Compensation paid by a publicly-traded corporation to its Chief Executive Officer and three other highest compensated officers (other than the Principal Financial Officer) is generally not tax deductible to the extent the officer’s compensation exceeds $1,000,000 per year. This limitation, however, does not apply to qualified performance-based compensation that complies with the requirements of Section 162(m).

The failure to comply with the requirements of Section 162(m) with respect to performance-based equity awards can result in the corporation’s loss of substantial income tax deductions. The costs associated with non-compliance, however, can far exceed the loss of the corporation’s tax deductions, as the corporation also may be subject to derivative suits brought by plaintiff’s lawyers and, in the worst case scenario, the corporation may have to rescind grants, restate previously issued financial statements and/or make additional public disclosures.

There are numerous conditions that must be satisfied for awards to be considered performance-based compensation under Section 162(m), and IRS audit activity in this area continues to reveal a number of common failures, including:

  • Making ad hoc adjustments to the performance goals that were not pre-determined (e.g., adjusting for subsequent events);
  • Failure to obtain shareholder approval or re-approval of the plan;
  • Paying awards out upon retirement or an involuntary termination regardless of whether the performance goals were satisfied;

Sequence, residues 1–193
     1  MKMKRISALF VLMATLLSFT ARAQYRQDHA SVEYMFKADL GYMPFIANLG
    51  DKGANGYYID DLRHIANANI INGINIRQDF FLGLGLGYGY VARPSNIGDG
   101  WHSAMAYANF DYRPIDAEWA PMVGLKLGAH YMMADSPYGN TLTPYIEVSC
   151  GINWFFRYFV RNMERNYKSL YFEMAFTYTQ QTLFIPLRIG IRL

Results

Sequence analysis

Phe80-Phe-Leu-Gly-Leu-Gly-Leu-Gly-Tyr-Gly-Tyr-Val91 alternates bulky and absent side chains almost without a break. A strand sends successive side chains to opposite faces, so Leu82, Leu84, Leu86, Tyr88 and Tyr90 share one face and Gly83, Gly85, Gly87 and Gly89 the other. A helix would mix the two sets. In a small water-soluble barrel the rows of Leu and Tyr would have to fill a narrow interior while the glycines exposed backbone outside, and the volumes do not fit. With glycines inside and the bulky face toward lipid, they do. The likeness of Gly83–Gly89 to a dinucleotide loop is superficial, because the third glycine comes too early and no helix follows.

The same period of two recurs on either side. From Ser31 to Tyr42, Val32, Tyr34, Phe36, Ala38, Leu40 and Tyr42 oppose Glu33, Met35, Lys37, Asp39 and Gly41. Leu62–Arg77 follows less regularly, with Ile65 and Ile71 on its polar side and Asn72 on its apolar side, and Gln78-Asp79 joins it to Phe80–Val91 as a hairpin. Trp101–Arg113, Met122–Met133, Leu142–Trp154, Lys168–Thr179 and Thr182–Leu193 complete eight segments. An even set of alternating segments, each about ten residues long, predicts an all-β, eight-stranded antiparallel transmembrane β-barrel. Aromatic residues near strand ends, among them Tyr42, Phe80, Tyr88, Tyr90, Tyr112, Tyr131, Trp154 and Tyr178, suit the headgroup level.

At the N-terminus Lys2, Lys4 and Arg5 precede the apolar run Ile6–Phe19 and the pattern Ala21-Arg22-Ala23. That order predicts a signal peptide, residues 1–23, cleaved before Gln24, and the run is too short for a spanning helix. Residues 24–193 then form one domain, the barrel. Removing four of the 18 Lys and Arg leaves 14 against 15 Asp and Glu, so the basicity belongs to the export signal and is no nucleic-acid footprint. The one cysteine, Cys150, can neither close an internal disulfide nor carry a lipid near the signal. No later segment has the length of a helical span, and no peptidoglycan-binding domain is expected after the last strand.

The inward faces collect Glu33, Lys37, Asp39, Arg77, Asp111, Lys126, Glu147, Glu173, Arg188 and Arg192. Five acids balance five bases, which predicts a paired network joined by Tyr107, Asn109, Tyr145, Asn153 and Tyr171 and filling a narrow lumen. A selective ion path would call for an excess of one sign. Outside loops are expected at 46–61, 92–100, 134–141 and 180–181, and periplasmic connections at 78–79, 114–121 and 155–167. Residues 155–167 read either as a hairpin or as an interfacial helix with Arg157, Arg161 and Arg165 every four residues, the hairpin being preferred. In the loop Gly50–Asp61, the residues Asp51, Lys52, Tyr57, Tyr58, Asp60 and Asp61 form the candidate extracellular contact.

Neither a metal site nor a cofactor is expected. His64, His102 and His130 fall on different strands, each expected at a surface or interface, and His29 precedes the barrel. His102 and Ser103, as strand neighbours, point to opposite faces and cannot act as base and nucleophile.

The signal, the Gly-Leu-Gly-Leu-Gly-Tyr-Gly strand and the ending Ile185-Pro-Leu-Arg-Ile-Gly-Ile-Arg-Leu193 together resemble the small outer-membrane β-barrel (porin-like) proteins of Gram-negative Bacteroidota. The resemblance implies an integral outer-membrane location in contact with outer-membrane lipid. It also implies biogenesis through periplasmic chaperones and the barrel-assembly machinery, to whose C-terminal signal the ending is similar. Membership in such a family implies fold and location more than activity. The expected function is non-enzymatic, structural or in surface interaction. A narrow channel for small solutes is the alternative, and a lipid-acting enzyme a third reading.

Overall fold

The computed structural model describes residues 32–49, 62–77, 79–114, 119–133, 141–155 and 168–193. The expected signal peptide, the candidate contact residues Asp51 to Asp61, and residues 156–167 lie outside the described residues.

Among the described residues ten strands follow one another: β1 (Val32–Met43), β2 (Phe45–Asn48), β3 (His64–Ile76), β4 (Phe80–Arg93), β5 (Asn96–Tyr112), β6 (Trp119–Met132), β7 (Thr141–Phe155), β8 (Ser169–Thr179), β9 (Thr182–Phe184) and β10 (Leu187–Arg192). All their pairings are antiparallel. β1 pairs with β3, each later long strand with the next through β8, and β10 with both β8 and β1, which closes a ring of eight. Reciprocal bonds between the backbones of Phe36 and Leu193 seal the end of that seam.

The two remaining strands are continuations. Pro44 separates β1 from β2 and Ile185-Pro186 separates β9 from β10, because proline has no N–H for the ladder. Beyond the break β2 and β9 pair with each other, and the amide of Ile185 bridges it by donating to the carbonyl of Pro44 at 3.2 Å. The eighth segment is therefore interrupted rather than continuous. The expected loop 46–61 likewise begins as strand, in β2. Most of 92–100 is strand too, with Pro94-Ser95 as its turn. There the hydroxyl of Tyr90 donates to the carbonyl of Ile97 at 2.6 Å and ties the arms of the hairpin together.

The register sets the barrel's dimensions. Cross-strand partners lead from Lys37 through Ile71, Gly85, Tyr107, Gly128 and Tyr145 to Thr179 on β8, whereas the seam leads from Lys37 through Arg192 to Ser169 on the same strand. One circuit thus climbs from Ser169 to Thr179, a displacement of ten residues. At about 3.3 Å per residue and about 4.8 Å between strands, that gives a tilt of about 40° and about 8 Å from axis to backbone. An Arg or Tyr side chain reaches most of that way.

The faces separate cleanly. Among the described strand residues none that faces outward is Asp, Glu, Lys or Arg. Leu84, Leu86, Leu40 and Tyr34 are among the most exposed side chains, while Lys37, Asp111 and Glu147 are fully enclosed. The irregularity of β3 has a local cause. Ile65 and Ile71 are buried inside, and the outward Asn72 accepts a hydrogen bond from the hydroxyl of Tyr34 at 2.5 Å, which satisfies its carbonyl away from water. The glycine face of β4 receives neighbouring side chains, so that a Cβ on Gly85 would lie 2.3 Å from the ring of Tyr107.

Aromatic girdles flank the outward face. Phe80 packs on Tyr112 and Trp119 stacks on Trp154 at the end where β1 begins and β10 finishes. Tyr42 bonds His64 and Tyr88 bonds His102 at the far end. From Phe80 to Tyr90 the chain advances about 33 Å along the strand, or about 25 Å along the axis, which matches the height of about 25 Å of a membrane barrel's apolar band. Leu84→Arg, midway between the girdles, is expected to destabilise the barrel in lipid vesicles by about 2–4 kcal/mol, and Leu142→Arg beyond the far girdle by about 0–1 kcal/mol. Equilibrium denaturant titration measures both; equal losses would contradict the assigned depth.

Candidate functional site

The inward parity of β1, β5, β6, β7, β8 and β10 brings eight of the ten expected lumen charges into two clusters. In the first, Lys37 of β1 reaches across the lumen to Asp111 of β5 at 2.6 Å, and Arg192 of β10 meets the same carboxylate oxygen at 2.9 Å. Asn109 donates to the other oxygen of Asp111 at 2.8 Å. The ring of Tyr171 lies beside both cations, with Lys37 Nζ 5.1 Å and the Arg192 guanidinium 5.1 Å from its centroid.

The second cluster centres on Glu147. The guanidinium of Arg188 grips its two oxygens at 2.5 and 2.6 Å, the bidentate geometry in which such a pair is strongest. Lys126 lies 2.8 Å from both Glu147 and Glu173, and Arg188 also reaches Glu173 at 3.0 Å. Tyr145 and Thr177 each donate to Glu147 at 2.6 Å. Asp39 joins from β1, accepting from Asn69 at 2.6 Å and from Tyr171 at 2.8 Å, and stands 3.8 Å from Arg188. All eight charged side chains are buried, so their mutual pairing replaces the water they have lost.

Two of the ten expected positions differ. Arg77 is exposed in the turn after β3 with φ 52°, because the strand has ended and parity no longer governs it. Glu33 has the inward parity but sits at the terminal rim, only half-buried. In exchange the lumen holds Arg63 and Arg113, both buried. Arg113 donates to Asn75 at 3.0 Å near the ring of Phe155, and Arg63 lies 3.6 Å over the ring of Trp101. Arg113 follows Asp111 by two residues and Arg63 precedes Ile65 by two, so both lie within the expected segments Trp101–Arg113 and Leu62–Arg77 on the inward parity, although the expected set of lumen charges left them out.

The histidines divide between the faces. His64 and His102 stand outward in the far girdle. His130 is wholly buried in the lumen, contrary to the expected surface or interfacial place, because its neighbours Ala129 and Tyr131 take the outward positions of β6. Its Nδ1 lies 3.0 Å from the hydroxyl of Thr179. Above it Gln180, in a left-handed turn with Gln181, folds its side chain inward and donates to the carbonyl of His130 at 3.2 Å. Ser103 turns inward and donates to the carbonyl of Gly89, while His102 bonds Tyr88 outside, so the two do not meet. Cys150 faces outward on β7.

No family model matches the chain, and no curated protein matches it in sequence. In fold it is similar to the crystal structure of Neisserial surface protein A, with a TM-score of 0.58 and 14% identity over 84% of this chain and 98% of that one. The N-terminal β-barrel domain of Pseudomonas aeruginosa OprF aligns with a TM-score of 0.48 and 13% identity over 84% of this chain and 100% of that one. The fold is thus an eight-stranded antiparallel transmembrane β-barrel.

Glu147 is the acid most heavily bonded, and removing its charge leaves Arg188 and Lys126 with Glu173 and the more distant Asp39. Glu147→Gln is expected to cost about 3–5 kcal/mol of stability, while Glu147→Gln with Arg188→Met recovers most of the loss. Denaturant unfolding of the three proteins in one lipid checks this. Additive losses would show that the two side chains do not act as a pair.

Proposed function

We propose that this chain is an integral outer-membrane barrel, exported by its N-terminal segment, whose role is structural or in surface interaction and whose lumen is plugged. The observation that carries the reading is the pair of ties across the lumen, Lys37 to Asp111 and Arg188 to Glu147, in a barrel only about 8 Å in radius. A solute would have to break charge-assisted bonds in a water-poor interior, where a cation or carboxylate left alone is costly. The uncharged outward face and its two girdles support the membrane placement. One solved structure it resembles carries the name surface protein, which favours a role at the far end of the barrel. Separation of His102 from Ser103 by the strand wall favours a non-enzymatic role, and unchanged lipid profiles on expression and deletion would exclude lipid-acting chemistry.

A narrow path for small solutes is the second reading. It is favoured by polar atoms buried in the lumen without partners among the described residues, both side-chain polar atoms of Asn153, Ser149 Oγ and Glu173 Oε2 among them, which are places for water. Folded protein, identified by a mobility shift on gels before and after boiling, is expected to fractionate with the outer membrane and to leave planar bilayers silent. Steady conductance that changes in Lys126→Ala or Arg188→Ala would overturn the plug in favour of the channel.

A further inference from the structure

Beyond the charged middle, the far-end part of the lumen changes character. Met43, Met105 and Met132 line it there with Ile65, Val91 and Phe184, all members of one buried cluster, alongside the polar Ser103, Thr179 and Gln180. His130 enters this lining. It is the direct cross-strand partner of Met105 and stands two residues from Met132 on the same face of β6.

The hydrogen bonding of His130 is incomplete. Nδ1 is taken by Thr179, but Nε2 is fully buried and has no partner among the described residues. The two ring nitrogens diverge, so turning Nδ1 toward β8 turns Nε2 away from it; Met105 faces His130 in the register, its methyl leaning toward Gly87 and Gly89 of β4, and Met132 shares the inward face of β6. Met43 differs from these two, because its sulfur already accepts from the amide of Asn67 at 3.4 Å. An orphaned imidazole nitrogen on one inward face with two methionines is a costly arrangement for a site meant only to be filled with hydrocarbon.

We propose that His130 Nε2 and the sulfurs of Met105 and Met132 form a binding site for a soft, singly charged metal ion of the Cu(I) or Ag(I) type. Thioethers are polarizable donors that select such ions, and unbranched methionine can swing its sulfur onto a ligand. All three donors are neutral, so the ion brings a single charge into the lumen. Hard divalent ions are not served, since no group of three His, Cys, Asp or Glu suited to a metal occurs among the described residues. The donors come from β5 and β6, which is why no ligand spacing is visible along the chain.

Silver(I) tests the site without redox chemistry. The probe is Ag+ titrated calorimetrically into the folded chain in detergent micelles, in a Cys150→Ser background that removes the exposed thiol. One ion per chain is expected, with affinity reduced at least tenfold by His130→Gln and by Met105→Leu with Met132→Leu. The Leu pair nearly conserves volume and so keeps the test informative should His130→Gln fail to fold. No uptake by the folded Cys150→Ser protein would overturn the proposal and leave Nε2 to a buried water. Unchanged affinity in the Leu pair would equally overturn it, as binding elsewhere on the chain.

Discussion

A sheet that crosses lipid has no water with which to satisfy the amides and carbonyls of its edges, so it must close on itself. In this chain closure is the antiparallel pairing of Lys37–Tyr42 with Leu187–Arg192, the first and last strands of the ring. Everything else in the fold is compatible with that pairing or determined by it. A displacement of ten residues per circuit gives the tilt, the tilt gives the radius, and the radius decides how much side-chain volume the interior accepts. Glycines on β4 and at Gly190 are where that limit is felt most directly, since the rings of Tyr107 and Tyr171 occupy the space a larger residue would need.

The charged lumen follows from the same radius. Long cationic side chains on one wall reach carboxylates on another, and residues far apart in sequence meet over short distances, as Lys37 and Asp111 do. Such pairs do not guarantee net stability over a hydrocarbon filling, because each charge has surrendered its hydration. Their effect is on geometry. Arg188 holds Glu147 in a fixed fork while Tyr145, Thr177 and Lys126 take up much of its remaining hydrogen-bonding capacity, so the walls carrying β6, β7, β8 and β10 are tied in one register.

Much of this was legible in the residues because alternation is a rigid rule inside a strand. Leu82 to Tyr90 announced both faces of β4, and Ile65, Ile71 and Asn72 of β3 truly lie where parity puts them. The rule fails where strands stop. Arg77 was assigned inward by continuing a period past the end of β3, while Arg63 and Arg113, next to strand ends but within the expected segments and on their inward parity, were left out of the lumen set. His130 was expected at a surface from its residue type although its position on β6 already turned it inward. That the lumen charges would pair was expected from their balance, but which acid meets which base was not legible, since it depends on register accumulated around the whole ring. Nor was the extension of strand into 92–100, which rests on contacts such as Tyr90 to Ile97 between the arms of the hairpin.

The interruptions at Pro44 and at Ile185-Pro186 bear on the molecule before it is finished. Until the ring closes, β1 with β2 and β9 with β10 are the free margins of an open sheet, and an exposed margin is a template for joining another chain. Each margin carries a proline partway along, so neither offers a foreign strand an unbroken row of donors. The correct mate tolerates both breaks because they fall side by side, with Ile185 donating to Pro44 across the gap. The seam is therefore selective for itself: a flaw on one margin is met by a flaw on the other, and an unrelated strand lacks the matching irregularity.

• Using performance measures that are not included in the shareholder approved plan;
  • Paying out the compensation before the compensation committee certifies in writing that the performance goals were obtained; and
  • Issuing performance awards, stock options and stock appreciations rights (SARs) in excess of plan limits.

In an effort to assist employers in their compliance efforts, set forth below are several action items that employers should consider in order to enhance compliance.

Employer Action Items to Enhance Compliance

Timely Seek Shareholder Re-Approval: Under Section 162(m), the material terms under which compensation is to be paid, including the performance goals, must be disclosed to and approved by the corporation’s shareholders. Where a plan allows the compensation committee to annually establish the performance goals and targets (the most common plan design), the performance goals must be disclosed and re-approved by shareholders every five (5) years.1 For example, if the corporation’s equity or annual incentive plan was last approved by shareholders in 2010, the plan(s) must be submitted to the shareholders for re-approval in 2015 in order to ensure that future awards qualify as performance-based compensation under Section 162(m).